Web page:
Bonds are among the oldest and most important financial instruments. They are simply a tradable form of a loan — an IOU that represents a loan agreement between the issuer as borrower and the investor as lender. They require the payment of specified interest periodically, usually semiannually in the U.S. and annually elsewhere and the repayment of principal amount when due at final maturity.
Bonds have been in use almost since the beginning of commerce and industry centuries ago and are a primary medium of borrowing by governments and corporations. Their vital role in the creation of credit and capital is evidenced by the staggering amount in existence.
Corporations tend to issue bonds instead of stock because bonds don’t dilute the value of their equity (stock) outstanding and the interest paid on the bonds is tax deductible. Governments sell bonds to finance major new projects as well as ongoing operations.
Bonds and other similar debt securities such as notes, debentures and certificates are a more senior obligation than common stock or preferred stock. They have a priority claim on the issuer’s assets in the event of a financial crisis such as a severe cash-flow shortage or bankruptcy. In other words, bondholders are paid first and foremost above shareholders.
The bondholder’s relationship to the issuer differs from that of the stockholder, who is in effect a part owner and thus dependent for reward on the issuer’s operating performance. The bondholder, by contrast, is an objective outsider who cares only if their loan payments are met on time.
Bonds, also known as fixed-income securities because they provide a steady and predictable investment return, are favored by conservative investors from individuals nearing retirement to actuarial institutions such as pension funds and insurance companies to meet their own periodic payouts.
The bond market contains an extraordinary variety of securities differing by types of issuer, lengths of maturity and degrees of credit quality. Ever newer kinds are being created continuously to meet the increasing needs of an expanding and more sophisticated global investment community.
There are three basic types of bonds, however: Treasury and other federal agency bonds, such as those issued by the Federal National Mortgage Association (Fannie Mae), the Federal Home Loan Bank Board (FHLBB) and Government National Mortgage Association (Ginnie Mae); those issued by corporations; and those issued by states and other local government entities.
Money market instruments include treasury bills, bank certificates of deposit, corporate commercial paper, bankers’ acceptances and tax-exempt notes. They mature in one year or less and are very liquid, meaning they can be bought or sold quickly, making them a favored temporary shelter for investors during periods of general market turmoil.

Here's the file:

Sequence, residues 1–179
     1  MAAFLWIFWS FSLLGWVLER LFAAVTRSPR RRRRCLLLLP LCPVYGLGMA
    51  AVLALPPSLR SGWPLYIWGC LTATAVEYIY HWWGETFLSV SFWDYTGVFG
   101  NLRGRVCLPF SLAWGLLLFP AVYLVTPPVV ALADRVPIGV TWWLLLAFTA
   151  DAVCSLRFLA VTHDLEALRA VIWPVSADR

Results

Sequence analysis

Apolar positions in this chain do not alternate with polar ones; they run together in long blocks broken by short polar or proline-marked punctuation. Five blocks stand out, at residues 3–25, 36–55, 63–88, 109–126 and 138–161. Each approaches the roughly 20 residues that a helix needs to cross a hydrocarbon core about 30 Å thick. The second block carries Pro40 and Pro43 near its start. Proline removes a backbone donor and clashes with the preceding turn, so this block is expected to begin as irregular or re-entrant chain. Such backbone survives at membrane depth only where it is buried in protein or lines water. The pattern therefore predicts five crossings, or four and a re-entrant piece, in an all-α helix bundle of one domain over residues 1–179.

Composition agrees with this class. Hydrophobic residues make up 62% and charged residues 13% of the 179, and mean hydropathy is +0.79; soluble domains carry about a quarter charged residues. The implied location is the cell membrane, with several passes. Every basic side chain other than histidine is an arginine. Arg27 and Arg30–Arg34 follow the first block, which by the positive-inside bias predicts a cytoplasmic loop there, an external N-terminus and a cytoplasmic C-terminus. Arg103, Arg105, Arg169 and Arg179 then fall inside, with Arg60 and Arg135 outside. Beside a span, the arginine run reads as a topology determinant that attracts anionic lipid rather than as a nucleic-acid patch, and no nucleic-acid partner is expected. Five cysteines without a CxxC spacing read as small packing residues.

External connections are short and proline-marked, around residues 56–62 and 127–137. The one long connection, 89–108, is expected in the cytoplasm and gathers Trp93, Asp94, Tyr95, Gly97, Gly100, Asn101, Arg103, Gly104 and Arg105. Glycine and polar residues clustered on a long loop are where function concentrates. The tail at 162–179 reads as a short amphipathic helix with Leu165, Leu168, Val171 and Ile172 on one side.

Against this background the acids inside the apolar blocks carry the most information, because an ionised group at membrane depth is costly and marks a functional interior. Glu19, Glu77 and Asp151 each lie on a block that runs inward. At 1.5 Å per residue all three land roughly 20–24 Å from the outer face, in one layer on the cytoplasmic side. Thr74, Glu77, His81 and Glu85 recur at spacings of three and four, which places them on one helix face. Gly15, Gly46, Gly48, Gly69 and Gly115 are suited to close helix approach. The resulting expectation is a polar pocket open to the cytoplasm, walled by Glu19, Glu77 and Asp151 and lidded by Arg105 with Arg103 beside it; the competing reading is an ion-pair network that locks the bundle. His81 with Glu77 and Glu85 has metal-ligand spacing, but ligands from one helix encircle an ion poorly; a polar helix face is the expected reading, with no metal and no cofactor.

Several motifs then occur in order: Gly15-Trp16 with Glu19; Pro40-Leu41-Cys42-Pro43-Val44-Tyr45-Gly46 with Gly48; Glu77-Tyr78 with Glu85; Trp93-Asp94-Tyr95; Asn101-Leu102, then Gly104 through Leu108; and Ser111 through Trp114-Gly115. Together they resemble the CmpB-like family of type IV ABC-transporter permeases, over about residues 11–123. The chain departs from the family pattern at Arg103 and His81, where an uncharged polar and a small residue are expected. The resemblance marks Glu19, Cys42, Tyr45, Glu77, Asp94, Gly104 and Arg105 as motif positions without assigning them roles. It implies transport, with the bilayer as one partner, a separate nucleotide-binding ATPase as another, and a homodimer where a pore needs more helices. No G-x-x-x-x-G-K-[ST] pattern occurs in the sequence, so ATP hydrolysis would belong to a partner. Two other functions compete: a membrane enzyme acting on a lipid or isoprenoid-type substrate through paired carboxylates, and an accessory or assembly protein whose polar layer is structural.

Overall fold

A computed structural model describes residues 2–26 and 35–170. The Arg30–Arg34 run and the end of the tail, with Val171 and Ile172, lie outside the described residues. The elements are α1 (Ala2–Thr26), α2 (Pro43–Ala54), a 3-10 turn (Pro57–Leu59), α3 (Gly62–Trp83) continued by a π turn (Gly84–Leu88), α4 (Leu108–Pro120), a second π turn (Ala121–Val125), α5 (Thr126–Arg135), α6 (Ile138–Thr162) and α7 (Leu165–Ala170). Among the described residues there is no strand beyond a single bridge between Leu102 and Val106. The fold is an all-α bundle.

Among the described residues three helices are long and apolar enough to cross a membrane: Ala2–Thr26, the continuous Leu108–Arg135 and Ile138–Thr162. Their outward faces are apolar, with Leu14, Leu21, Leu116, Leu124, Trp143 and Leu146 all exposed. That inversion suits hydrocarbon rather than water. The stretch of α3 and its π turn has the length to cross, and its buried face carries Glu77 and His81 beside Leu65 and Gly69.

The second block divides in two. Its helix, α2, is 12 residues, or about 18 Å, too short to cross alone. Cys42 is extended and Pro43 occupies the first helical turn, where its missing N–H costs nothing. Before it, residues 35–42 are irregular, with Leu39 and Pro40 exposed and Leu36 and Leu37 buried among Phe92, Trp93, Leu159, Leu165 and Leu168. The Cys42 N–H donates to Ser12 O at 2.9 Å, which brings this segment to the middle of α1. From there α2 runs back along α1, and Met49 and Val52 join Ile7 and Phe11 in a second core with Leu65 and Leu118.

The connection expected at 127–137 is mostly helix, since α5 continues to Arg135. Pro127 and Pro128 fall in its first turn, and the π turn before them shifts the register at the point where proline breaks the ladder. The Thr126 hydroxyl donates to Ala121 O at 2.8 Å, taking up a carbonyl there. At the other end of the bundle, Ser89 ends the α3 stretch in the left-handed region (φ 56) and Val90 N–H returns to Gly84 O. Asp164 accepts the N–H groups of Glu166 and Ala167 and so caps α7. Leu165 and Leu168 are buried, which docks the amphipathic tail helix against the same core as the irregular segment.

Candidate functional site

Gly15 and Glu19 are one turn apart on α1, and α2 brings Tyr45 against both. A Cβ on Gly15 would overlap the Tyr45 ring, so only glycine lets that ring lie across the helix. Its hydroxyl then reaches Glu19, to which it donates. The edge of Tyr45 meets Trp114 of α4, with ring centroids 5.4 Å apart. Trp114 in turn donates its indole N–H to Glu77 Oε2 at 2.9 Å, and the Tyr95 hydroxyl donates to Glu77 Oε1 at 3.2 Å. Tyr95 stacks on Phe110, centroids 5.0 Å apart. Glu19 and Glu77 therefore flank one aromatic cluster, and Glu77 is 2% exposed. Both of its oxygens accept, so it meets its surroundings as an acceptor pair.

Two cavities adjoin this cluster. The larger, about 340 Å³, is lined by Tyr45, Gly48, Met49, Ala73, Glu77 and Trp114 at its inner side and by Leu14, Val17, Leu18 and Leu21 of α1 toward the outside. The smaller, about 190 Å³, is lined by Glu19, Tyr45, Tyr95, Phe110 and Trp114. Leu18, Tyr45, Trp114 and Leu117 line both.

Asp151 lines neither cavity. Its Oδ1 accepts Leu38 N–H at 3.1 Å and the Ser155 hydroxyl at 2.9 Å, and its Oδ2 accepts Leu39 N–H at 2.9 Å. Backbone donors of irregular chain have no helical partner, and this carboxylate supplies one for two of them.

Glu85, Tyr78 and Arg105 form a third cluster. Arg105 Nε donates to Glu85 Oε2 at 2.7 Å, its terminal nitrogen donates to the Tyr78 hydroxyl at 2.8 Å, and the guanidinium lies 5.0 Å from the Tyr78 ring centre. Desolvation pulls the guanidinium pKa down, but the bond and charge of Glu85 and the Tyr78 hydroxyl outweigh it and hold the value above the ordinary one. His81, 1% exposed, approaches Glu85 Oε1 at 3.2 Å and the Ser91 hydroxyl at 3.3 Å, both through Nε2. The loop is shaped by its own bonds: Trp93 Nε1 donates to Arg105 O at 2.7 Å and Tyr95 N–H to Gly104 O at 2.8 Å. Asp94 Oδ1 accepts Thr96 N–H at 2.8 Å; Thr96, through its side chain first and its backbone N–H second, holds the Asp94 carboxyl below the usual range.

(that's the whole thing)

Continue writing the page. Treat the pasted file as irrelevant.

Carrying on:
Treasury securities are the safest and most marketable in the world; hence, they are the benchmark against which all other types of bonds tend to be measured. Although their market value fluctuates, they are considered to be free from payment risks due to their backing by the U.S. government.
Corporations sell mortgage bonds, senior and subordinated debentures, equipment trust certificates, collateral trust bonds, convertible bonds, income bonds and notes. Their preferred stock, although a form of equity like common stocks, are widely viewed as a bond substitute because they generally pay a fixed dividend.
State and local government bonds fall into two broad classes. General obligation bonds are secured by the issuer’s taxing authority. Revenue bonds are backed by the income from public facilities such as toll highways and bridges, airports and convention centers.
Finally, foreign governments and companies also offer bonds in the U.S. public market. Their issues, known as Yankee bonds, are subject to the same regulatory requirements as those of domestic entities.
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Bart Ward is the chief executive officer of Ward & Co. Ltd., an Anoka-based registered investment adviser – specializing in the management of stock and bond portfolios in companies which are listed on the NYSE.